US bossing WHO; France and Germany quit reformation talks

By Rahul Vaimal, Associate Editor
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Despite its decision to leave the WHO, the US is attempting to lead the negotiations on the reorganization of the international body and this has frustrated France and Germany, who have withdrawn from talks on the same, three officials have said.

The decision is a setback for the American president as the country, which holds the G7 rotating presidency, had planned to release a shared road map in September for a sweeping restructuring of the WHO, two months before the US presidential elections.

G7 is an international intergovernmental economic organization consisting of seven major developed countries – Italy, Canada, Japan, France, the United Kingdom, Germany and the United States.

In July, the United States gave a year’s notice to the WHO that it is quitting the UN body — founded to boost health internationally — after Trump accused it of being too close to China and mismanaging the coronavirus pandemic.

The WHO has dismissed his claims. The European governments have also criticized the WHO with Germany’s health minister urging the WHO to hasten a review of its COVID-19 handling. But they did not go as far as the United States, and the decision by France and Germany to exit the talks reflects conflicts over what they claim is the effort by the US to control the negotiations.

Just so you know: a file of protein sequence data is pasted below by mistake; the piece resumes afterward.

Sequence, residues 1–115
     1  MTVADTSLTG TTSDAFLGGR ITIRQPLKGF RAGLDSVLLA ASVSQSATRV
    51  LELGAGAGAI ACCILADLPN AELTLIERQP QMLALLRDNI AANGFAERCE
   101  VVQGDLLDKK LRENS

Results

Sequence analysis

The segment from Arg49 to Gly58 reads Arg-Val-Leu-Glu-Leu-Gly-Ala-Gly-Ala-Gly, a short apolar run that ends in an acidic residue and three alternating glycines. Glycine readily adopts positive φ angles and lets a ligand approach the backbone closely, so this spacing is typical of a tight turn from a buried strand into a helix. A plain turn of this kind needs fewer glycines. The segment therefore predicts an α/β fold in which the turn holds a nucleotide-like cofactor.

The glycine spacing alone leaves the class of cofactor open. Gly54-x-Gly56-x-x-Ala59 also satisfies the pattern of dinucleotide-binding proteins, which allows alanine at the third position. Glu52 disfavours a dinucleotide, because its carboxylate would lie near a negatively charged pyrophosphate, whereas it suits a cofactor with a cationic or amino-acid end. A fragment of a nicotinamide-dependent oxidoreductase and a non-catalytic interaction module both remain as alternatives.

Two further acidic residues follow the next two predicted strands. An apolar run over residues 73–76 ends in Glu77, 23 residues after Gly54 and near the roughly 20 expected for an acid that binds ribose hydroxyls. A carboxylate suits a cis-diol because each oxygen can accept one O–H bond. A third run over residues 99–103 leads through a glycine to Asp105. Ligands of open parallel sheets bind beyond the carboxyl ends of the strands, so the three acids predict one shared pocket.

France’s health ministry said, “The US should not take the lead in the WHO reform process after announcing their intention to leave the organization.”

The WHO reform talks, which began nearly four months ago aims to make the organization independent from political pressure. For the same, around 20 teleconferences were held between ministers of health from the Group of Seven Industrialized Nations and scores of diplomats while other official meetings have also been going on.

Any G7 agreement will require further discussions at the United Nations and the G20. Further, any final agreements will have to be agreed by Russia, China and other major non-G7 governments.

It’s doubtful whether the G7 summit to be held in the US in September, at which Trump hopes the leaders will support the road map, will now proceed as scheduled.

US officials have not clarified as to what the road map proposes. Yet many of its allies termed it as too critical, with one European official involved in the negotiations describing it as “rude.”